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Endowment

How does it work?

You make two payments per month. One to the lender to repay the interest on the amount borrowed, the other to an insurance company for an endowment contract. There are mainly two types of endowment: unit linked or with profits. Both invest in a broad range of assets including stocks and shares. The capital in the endowment aims to build up over the term of the mortgage to repay the outstanding capital, although to achieve this the investment performance needs to be sufficient to build up the required capital and this performance cannot be guaranteed.

ADVANTAGES:

This type of repayment vehicle is flexible since:

  1. You can take the endowment policy with you if you move home or change mortgage lender.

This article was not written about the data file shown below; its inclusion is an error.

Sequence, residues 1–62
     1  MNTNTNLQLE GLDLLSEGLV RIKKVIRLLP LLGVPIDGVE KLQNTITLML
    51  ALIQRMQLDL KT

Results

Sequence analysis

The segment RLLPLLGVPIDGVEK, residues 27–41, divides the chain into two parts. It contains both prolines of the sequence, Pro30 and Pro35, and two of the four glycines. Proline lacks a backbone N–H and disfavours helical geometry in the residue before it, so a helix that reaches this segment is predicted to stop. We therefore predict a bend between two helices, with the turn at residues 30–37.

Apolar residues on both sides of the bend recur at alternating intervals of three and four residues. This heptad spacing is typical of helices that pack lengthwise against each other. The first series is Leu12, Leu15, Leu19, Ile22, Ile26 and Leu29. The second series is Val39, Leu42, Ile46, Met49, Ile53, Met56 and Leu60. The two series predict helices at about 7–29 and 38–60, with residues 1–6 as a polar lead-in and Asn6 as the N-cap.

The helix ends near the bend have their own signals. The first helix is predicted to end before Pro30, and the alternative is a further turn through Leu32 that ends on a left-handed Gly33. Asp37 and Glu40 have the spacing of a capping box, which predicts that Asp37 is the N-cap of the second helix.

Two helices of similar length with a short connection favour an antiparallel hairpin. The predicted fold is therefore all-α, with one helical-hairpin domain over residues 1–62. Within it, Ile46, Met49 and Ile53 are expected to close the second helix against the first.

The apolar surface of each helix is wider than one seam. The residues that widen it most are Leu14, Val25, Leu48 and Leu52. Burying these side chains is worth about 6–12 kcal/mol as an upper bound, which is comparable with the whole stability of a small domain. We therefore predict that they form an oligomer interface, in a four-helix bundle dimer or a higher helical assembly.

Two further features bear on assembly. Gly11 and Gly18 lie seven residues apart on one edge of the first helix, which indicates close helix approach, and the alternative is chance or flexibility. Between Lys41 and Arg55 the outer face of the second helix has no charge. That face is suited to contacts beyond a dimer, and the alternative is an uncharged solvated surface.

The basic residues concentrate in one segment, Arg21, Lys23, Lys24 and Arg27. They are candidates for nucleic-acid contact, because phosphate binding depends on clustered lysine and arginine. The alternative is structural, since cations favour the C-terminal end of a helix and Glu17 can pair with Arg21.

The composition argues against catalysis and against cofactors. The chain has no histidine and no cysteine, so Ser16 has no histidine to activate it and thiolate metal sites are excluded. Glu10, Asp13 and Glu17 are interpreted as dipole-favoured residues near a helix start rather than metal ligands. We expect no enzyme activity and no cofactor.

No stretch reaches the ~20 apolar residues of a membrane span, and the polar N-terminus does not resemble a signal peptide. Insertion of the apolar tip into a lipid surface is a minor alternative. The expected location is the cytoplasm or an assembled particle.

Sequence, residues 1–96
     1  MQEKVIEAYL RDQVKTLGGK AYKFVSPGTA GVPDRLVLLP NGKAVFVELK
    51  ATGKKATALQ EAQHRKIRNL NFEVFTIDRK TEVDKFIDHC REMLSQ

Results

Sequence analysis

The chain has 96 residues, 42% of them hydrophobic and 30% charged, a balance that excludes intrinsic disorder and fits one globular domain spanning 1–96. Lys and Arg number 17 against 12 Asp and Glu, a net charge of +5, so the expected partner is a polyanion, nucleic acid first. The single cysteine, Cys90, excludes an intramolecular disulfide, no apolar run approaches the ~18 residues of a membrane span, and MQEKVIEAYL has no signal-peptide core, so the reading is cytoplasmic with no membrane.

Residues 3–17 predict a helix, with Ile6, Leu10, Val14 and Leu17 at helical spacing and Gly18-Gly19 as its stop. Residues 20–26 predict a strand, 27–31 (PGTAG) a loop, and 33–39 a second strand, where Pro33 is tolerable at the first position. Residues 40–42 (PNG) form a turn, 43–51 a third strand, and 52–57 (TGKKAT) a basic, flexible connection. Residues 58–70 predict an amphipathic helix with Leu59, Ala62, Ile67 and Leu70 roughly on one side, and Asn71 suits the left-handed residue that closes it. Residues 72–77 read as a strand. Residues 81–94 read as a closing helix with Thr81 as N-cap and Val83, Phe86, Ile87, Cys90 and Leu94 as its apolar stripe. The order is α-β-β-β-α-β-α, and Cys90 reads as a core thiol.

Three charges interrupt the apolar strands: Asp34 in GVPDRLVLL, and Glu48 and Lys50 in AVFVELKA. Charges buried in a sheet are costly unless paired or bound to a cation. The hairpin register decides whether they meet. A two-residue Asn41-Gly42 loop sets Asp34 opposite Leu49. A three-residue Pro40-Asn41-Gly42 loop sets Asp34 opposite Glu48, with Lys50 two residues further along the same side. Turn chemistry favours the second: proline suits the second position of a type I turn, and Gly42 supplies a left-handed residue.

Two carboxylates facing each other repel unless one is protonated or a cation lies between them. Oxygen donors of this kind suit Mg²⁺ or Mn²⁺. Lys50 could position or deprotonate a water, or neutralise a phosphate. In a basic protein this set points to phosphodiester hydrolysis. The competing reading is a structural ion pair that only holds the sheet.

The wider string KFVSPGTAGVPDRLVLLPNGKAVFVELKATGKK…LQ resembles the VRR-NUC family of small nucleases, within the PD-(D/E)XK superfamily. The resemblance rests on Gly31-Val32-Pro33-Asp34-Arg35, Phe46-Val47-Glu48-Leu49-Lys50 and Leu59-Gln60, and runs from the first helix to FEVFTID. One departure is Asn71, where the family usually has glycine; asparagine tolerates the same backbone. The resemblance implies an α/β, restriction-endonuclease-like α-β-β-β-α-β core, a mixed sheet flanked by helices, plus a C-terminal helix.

2. Endowments usually include some kind of life cover and some also include critical illness cover.
  3. If the endowment contract performs well, you may accumulate more funds than required to repay the loan.

DISADVANTAGES:

  1. Endowments are not risk free as there is investment in the stock market.
  2. There is a possibility your fund may not have built up sufficiently to repay the capital.
  3. You must keep a watchful eye on your fund's performance to help prevent this happening.

THE VALUE OF INVESTMENTS AND THE INCOME FROM THEM MAY GO DOWN. YOU MAY NOT GET BACK THE ORIGINAL AMOUNT INVESTED.

A MORTGAGE IS A LOAN SECURED AGAINST YOUR HOME. YOUR HOME MAY BE REPOSSESSED IF YOU DO NOT KEEP UP REPAYMENTS ON YOUR MORTGAGE OR ANY OTHER DEBT SECURED ON IT.


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